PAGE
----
Berlin council

The Berlin council discusses CARES funding at the Monday, Oct. 19 meeting.

BERLIN — Like other local governments, Berlin is receiving a share of local funding from the $1.9 trillion American Rescue Plan Act of 2021, the federal COVID-19 response measure that apportions $350 billion in direct funding to states, counties, cities, and towns throughout the U.S.

And, like a lot of other local governments, its leaders aren’t quite sure how they’re going to spend the money.

At the town’s regular council meeting Monday, Berlin mayor Patrick Bates invited council members to begin researching and brainstorming ideas for how the town can stay within state-mandated parameters as it seek to allocate its Rescue Act funds. The town already has received $54,620.90, the first of two scheduled direct payments. The second installment is set to arrive in 2022.

Though the funds come directly from the federal government, the State of Alabama is issuing guidance to all municipal governments that sets parameters for how the funds can be used. “The more I’ve looked at our options, the more our options become more limited,” Bates said. “At the moment, I am grasping at straws, and I’d really like to hear from the council at our next meeting on some ideas on how we can legally spend this money.”

The state has outlined a handful of spending categories, all ostensibly related to the COVID-19 pandemic and its secondary effects, for municipalities to follow. Those include replacing of lost revenue, direct aid to the community, certain infrastructure upgrades (roads aren’t included), and bonus payments to first responders who worked extra hours during the pandemic.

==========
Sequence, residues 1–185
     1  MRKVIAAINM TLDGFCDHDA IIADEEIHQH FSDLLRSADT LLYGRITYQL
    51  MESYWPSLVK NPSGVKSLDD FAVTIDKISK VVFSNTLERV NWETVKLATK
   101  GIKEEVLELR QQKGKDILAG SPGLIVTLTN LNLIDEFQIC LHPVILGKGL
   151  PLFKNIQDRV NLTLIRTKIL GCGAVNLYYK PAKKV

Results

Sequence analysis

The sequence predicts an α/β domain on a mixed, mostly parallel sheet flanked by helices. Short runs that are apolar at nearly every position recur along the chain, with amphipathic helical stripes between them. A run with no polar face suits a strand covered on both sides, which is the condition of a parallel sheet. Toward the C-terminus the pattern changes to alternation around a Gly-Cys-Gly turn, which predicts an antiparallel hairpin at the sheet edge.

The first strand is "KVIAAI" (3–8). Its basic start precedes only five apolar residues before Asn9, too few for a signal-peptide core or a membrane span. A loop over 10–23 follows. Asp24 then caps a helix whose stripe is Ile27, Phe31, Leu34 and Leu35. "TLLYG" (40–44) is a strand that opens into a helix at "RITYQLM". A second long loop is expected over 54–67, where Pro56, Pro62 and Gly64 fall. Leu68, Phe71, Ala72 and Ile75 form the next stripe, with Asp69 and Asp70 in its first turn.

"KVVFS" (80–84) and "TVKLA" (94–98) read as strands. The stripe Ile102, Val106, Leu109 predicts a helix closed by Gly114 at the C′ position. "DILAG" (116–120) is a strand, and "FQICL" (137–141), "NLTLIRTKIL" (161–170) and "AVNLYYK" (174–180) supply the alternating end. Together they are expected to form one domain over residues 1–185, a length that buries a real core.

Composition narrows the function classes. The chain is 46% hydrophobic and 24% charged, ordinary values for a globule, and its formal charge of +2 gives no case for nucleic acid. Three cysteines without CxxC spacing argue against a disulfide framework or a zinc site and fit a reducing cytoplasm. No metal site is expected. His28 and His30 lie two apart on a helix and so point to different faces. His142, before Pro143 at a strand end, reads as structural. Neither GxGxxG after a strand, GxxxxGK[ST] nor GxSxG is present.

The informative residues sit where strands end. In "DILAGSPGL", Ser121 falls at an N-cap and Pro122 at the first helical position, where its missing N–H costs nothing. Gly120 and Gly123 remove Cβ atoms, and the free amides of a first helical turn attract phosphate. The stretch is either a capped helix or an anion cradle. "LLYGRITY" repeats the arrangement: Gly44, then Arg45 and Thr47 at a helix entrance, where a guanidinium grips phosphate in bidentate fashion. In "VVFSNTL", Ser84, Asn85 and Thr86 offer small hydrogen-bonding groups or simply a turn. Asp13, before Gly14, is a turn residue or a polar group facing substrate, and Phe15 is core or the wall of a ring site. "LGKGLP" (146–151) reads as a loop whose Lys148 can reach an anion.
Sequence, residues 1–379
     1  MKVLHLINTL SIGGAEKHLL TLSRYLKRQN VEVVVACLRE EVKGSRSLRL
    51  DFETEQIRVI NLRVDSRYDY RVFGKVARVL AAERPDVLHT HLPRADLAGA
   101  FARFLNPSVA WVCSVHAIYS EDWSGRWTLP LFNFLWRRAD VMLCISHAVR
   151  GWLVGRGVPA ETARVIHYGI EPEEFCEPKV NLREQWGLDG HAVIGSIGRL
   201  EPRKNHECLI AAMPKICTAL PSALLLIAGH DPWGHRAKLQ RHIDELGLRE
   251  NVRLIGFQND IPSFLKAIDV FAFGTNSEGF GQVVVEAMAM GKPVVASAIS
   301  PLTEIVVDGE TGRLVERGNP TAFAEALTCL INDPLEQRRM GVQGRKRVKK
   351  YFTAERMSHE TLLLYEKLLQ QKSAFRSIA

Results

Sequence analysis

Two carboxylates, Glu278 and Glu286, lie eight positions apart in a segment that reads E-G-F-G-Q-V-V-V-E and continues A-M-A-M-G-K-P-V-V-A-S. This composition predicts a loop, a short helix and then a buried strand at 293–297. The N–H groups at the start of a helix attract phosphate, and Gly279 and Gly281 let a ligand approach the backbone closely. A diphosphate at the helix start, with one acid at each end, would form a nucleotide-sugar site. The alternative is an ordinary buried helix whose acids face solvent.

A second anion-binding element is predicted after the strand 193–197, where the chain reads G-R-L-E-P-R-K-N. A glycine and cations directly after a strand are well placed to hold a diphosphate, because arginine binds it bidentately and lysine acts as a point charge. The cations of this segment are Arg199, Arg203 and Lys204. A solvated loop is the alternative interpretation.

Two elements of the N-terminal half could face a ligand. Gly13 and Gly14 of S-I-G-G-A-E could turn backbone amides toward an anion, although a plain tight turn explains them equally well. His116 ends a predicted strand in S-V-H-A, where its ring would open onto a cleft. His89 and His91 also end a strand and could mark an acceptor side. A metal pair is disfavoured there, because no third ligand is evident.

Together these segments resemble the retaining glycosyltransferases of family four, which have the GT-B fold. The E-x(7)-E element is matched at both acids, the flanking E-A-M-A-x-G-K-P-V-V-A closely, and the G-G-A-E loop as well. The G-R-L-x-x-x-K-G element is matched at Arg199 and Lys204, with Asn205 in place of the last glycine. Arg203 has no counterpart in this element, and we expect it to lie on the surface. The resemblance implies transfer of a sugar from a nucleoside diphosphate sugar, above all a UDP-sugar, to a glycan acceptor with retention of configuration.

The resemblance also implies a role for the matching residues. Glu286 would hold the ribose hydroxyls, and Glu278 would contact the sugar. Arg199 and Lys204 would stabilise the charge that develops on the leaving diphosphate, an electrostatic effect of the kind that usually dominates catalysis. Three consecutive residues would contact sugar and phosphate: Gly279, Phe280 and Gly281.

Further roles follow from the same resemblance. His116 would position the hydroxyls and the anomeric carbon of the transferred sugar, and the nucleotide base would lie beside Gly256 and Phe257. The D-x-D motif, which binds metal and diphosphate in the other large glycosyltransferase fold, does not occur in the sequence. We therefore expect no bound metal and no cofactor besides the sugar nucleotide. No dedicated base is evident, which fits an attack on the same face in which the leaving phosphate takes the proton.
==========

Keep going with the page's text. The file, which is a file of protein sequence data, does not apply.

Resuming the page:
Bates said Berlin proves an exception to nearly all of the state’s spending guidelines. Rather than losing money last year, for instance, “we had record revenues,” he said, adding that there are no affiliated first responders whom the town could legally compensate. Making direct payments to community shareholders may also run afoul of language in the state constitution, he added. “I do have one idea,” Bates said, “but I also want to hear the council’s ideas, and kind of get everything in front of us before we decide how we’re going to proceed. We’ll discuss it at our next meeting.”

In other business at its regular meeting this week, the council:

Approved an estimated $8,000 expenditure for a traffic signal sensor upgrade for the eastbound turn lane of U.S. Highway 278 at the County Road 747 intersection. The upgrade will replace a damaged sensor embedded beneath the asphalt with an optics-based sensor that monitors lane traffic from above.

Voted to cancel the town’s internet service with Spectrum, which it had retained as a backup line after acquiring local Sprout internet service through the Cullman Electric Cooperative. Recent Sprout upgrades will offer the town a redundant service line, said Bates, obviating the need for Spectrum. The move will save the town approximately $90 per month.

Discussed, but took no action on, funding a fall training session for town clerk Keirstyn Montgomery through the Alabama Association of Municipal Clerks & Administrators. The council will take the matter up at a future meeting, pending additional scheduling information from the organization.

Approved the minutes of the council’s May 24 regular meeting and its June 21 specially-called meeting.

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